RAPID Covid testing in Bramley will begin tomorrow after a single case of the South African variant was found in the area.

Residents of some 100 postcodes will be have access to a Covid test, with 2,000 properties set to be visited over the course of two days.

Teams consisting of employees from Hampshire County Council, Basingstoke and Deane Borough Council and volunteers from the Red Cross and REACT will begin going door-to-door in the village from Wednesday afternoon [February 17].

Anyone over the age of 16 is strongly encouraged to take a test, which will be provided free of charge.

Volunteers will deliver enough testing kits for everyone who lives at each address and return to collect them. Residents should then receive their results from NHS Test and Trace within 2-3 days.

Residents in part of the RG26 5 area are invited to take part.

You can find out whether your postcode is included by searching here.

Hampshire County Council’s Director of Public Health, Simon Bryant, said: “The important message for the community is that the risk to local people from this single case is very low.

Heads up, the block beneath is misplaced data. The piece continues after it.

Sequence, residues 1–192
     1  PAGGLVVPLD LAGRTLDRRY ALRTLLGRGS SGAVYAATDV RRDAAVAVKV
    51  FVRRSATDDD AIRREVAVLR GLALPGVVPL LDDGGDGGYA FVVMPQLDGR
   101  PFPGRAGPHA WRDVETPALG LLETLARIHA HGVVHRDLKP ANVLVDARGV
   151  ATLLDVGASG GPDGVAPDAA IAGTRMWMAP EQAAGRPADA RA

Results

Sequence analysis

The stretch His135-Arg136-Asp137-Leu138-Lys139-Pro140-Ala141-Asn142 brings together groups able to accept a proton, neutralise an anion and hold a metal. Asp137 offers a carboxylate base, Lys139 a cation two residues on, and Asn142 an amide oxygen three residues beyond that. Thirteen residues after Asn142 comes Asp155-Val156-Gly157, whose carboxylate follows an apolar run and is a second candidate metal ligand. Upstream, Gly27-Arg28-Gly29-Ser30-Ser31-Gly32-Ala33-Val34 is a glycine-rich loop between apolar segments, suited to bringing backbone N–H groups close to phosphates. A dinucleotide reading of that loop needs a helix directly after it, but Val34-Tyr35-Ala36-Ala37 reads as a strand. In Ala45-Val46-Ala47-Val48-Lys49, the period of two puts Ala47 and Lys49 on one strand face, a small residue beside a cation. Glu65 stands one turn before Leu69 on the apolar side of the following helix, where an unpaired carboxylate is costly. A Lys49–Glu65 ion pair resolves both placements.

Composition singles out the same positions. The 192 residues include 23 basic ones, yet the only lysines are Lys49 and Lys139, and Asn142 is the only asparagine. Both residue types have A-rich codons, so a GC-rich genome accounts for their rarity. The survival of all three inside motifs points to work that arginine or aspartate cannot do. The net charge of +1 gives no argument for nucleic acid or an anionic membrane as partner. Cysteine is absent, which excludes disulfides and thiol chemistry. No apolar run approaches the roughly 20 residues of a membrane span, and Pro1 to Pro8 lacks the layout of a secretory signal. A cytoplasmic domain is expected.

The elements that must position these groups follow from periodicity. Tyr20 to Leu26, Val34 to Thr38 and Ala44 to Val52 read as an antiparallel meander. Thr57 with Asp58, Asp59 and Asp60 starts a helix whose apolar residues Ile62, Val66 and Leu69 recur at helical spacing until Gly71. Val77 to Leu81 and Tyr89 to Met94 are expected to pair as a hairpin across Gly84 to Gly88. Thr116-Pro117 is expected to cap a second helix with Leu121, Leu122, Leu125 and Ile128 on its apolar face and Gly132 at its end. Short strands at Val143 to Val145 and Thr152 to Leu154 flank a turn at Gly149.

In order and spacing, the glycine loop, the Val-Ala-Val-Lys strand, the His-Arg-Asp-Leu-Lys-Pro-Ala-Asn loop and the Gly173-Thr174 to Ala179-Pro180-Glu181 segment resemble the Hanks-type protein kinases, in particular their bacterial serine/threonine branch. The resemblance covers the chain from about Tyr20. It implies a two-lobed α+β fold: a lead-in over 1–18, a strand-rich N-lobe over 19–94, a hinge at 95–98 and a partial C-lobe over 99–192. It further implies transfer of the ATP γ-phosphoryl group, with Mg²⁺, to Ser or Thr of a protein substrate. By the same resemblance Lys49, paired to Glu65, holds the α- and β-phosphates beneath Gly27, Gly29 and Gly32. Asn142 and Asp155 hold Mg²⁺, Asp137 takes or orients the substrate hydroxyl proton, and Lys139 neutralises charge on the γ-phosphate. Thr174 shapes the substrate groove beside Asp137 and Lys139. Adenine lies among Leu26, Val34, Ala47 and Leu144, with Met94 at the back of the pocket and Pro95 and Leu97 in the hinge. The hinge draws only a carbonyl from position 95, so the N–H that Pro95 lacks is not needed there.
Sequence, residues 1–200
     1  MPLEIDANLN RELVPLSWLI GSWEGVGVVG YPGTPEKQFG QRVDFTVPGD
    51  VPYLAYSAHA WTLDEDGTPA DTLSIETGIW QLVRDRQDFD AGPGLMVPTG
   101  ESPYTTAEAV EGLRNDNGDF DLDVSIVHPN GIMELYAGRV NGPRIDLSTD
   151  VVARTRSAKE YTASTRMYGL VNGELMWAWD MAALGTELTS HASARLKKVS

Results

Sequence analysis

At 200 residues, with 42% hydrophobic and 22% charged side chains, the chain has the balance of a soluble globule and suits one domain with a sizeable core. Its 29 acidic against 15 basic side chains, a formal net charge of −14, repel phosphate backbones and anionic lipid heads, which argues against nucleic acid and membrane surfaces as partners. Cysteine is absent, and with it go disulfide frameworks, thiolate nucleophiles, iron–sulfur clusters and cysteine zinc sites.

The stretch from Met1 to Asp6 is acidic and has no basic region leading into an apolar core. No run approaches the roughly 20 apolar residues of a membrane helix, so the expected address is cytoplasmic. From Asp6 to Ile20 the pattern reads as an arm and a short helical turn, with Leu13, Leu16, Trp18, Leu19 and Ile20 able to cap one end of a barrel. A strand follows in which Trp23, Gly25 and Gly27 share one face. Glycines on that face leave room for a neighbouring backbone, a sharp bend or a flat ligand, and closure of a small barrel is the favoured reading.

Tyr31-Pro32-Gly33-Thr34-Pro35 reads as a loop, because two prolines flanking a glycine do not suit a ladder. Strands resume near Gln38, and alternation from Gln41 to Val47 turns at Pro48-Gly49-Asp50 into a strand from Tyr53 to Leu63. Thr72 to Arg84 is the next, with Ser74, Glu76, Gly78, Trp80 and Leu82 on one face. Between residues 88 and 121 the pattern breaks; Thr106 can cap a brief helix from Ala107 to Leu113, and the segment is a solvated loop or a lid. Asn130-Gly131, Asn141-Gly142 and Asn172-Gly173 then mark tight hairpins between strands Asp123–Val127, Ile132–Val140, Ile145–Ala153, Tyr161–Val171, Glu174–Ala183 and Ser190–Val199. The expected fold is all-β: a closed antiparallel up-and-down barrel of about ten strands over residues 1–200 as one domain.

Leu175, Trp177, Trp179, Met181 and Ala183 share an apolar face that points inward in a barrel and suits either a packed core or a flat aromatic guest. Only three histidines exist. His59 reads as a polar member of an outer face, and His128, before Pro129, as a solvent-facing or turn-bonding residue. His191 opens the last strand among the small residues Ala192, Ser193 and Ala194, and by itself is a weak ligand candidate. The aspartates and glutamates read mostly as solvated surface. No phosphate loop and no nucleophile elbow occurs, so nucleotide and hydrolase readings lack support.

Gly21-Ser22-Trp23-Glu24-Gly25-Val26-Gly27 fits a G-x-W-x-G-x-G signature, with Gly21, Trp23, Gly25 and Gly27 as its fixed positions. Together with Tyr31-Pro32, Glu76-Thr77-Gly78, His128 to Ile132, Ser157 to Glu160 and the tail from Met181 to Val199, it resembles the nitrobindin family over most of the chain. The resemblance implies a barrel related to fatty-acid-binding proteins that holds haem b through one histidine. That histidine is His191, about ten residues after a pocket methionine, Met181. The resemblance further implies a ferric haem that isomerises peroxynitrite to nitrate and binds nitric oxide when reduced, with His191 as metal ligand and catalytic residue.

"There is no evidence that this variant causes more severe illness or that protection is not provided by the vaccines.

"Furthermore, known contacts of the case have been traced and notified. 

“The test is voluntary, but I would urge local residents to take part, as the confidential findings from this local testing programme will feed into national research designed to help beat the virus, so that we can return to normal life as quickly as possible.

“I would like to reassure local people, as well as those who need to visit the area for essential business reasons, that they can carry on ‘as normal’.

"This means following Government guidance to stay at home, essential travel only, and to continue observing the hands-face-space rules.

“My thanks to the local community in advance, for their co-operation.”

Anyone who has tested positive for Covid-19 in the last 90 days does not need to take the test.

The South African variant is believed to be more transmissible than the 'regular' strain, and there are fears that vaccines are less effective against it.

It has seen a massive campaign launched by public health officials across the country to control cases identified as this variant.

It was first spotted in the UK earlier this month, with mass testing carried out across a number of areas, including Woking in Surrey.